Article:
By JEROD CLAPP
Her slideshow included photo after photo of incarcerated gang members and their tattoos, each with symbolism embedded into the culture of their respective crews.
But Tricia Harbin said while the pictures looked like something out of a Los Angeles police book-in sheet, each of the gang members were arrested in Clark County.
The Jeffersonville Neighborhood Leadership Alliance met Saturday at Park Memorial United Methodist Church to give members across the city a presentation on gang awareness. Harbin, a gang specialist with the Clark County Sheriff’s Department, said while not all crime is directly related to gangs, a lot of it can have direct or indirect links to gangs.
“The connections are everywhere,” Harbin said. “Sometimes, people are stealing for drugs, then they’re getting the drugs from the gangs.”
She said if she were to go through the cell blocks at the jail, she could point out about 15 offenders in each one who were affiliated with one gang or another.
Chris Ralston, a school safety specialist for Greater Clark County Schools said district employees have also seen the possibility of gang presence in schools.
He said teachers are trained in how to recognize potential gang members and how to interact with them, but neighborhood associations might be able to aid in stopping the spread of recruitment.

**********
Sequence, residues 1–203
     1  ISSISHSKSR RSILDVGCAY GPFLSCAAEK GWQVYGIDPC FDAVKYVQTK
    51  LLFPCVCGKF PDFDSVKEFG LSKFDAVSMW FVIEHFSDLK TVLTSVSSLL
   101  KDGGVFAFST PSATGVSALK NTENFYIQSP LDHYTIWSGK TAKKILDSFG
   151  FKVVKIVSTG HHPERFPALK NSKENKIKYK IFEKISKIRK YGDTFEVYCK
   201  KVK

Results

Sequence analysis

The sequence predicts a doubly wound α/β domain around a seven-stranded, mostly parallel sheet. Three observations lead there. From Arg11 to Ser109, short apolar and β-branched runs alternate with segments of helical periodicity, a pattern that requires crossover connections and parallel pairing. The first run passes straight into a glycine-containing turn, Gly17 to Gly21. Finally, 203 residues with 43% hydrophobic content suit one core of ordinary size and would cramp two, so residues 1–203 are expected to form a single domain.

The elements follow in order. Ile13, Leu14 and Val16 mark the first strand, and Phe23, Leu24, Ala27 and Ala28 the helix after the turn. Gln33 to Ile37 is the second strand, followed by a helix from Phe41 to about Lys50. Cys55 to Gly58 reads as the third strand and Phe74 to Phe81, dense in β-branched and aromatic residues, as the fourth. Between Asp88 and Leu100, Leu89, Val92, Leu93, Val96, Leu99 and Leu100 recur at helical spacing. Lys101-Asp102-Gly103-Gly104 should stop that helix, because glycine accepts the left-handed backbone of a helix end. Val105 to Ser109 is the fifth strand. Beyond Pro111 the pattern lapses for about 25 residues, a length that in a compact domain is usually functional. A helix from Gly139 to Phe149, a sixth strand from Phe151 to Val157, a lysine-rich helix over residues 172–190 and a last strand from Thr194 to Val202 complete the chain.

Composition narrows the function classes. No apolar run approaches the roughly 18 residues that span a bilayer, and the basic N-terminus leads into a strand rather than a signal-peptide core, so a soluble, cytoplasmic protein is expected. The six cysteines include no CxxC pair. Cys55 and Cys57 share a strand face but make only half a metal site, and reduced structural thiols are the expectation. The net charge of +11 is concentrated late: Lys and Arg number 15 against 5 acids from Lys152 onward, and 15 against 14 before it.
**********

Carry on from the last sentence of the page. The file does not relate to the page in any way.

“They’re the eyes and ears,” Ralston said. “They’re in the neighborhoods every day. We can’t expect police to watch everywhere all the time. But it helps having their eyes open to what’s going on, that just expands our reach.”
He said older gang members typically recruit younger people who might still attend school. He said while at-risk children who have bad family situations at home are recruited, he said they also tend to target intelligent children who might be loners.
Ralston showed several photos of graffiti spray-painted on buildings and homes around the county. He said while he doesn’t want communities to be paranoid about gangs, he wants to make sure they’re aware and vigilant.
He also said he hopes the JNLA and Southern Indiana Gang Task Force can continue to offer information to the community.
“I think educating the public through programs like this helps, but I think we could do more through social media,” Ralston said.
Harbin said there are probably 20 or so active gangs in the city, including white supremacist groups and Mara Salvatrucha — or MS-13 — a notorious group whose United States presence originated in California.
Susan Steinberg, the chairwoman for the Woodhaven Neighborhood Group, said she and her association have tried to keep watch for gang activity, which she thinks they’ve observed.
“I already knew about the MS-13 because I thought they were trying to take over my neighborhood,” Steinberg said. “If I think that’s happening in our neighborhood, I want it out.”
She said with some drug arrests near her neighborhood, her neighbors have worked to keep a close eye on what’s going on.
Harbin said watching for car break-ins, potential drug activity and other signs of crime are good for neighborhoods, residents should be careful to let police handle confrontations.
She said calling 911 in a real emergency is good, but if activity is only suspected or suspicious activity is noted, it’s better to call police dispatch.
Josh Rodriquez, president of the JLNA, said with collaboration between neighborhoods and police, the city can be safer.
“I’m sure there’s gang activity in Jeffersonville,” Rodriquez said. “We know the MS-13 is here, but raising awareness is what we’re here to do. We want to work with our local police and politicians to just make this a better place to live.”